Although the majority of participants were confident performing the critical items, significantly fewer fourth-year students reported confidence in assessment of circulation and breathing. Fourth-year unresponsive patient scenarios took place during cardiac resuscitation skills laboratories, in which students anticipate that the patient will be pulseless. Second-year students participated in their scenarios during a health assessment course, and third-year students within a medical–surgical course. The different focus and expectations of these courses may have affected self-confidence. It is reassuring that upper-year students, with more clinical experience, were not overly confident in their ability, as overconfidence related to inaccurate self-assessment may have negative consequences on patient care (Baxter & Norman, 2011).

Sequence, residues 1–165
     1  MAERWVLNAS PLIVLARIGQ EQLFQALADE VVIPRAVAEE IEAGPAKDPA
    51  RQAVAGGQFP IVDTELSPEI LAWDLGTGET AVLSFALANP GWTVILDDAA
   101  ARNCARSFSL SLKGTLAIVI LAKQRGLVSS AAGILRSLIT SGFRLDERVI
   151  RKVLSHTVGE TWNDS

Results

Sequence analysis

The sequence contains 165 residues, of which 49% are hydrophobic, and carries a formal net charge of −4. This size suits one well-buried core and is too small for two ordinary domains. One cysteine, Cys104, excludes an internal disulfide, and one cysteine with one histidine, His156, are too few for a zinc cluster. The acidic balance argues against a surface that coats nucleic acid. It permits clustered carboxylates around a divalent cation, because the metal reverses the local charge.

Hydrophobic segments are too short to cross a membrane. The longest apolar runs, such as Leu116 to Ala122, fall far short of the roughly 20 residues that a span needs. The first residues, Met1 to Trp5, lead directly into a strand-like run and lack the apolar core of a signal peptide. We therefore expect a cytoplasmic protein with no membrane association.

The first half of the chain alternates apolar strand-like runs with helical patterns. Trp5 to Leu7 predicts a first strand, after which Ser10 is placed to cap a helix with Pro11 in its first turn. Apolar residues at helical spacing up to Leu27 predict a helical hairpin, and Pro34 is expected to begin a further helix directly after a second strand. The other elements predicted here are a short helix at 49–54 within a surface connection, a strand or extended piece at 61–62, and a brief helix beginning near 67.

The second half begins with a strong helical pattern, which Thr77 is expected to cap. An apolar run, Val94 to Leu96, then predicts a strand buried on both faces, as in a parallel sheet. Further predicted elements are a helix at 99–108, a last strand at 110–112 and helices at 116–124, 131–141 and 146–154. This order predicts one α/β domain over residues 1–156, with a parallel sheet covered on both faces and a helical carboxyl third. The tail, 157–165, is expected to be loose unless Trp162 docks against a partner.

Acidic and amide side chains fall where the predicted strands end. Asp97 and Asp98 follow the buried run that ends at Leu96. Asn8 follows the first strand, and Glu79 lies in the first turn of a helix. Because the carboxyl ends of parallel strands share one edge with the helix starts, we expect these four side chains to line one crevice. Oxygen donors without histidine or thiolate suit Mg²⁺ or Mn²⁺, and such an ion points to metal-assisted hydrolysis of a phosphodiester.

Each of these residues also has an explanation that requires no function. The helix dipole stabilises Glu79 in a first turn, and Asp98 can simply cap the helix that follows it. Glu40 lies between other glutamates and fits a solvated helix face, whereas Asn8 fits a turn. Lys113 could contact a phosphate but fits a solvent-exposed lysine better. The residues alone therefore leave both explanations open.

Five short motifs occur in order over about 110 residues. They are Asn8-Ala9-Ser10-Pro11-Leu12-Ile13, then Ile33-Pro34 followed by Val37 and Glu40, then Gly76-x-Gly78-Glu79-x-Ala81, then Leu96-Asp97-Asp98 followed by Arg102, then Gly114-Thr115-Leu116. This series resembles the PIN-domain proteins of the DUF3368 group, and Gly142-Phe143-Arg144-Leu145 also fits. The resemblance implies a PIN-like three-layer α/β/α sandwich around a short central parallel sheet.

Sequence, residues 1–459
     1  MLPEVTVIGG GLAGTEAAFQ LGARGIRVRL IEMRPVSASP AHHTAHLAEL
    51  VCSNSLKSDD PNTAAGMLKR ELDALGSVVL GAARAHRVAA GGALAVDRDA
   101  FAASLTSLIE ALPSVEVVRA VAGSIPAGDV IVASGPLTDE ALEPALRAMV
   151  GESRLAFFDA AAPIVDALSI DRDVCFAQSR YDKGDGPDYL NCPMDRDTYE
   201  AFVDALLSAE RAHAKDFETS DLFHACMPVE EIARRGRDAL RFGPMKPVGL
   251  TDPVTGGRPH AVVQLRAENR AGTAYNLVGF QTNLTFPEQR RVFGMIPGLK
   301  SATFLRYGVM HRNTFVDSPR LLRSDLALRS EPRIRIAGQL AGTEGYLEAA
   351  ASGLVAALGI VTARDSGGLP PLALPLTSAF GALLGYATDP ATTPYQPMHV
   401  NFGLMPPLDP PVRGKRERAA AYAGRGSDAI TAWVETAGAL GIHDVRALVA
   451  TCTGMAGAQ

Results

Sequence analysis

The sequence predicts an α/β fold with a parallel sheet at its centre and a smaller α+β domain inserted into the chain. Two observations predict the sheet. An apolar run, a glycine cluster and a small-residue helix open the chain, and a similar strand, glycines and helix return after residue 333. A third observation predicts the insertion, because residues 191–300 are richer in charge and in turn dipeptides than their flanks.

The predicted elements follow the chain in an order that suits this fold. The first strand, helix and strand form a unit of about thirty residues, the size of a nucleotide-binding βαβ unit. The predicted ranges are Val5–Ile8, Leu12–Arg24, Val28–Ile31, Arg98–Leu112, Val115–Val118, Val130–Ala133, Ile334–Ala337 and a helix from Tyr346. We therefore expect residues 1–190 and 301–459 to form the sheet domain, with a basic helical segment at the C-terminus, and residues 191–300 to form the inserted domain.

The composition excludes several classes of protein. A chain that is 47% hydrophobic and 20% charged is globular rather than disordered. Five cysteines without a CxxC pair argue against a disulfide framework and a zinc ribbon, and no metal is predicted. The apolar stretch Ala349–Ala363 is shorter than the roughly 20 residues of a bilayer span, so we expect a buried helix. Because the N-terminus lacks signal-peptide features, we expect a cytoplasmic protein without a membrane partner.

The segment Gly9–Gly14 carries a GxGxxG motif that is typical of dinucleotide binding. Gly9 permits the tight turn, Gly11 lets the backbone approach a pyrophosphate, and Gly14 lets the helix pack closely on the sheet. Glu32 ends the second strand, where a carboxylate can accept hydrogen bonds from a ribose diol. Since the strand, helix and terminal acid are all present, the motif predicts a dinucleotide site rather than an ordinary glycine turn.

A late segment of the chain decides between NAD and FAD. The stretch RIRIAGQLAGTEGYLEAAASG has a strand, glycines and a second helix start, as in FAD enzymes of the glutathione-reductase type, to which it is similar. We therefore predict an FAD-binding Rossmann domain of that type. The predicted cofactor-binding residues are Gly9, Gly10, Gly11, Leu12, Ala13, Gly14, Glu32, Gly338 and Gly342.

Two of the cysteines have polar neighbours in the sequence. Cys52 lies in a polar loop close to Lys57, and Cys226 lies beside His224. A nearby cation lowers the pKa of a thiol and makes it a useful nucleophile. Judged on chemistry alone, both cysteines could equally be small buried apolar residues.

Despite a lack of significant differences, overall performance scores were highest for fourth-year students. All groups took too long to assess circulation and breathing and to initiate chest compressions. Second-year students took the shortest amount of time to assess circulation and breathing, which may reflect recent participation in the health assessment course, which focuses on assessment, whereas more advanced interventions were covered and expected to be completed by students in upper years.
Repetition with feedback and reflection is a key attribute of simulation that contributes to learning (Bland et al., 2011). Regular rehearsal of management of the deteriorating patient is recommended to provide opportunities for knowledge integration (Bogossian et al., 2014). The less-than-optimal performance of senior students in the current study suggests a need for repetition of basic unresponsive patient scenarios to provide mastery of these skills. Skills and knowledge of BLS and advanced cardiac life support decay from 3 months to 1 year after training, with skills decaying faster than knowledge (Smith, Gilcreast, & Pierce, 2008; Yang et al., 2012). Research suggests that simulation training results in increased skill retention up to 1 year after training (Orledge, Phillips, Murray, & Lerant, 2012). These findings support yearly repetition of the scenarios.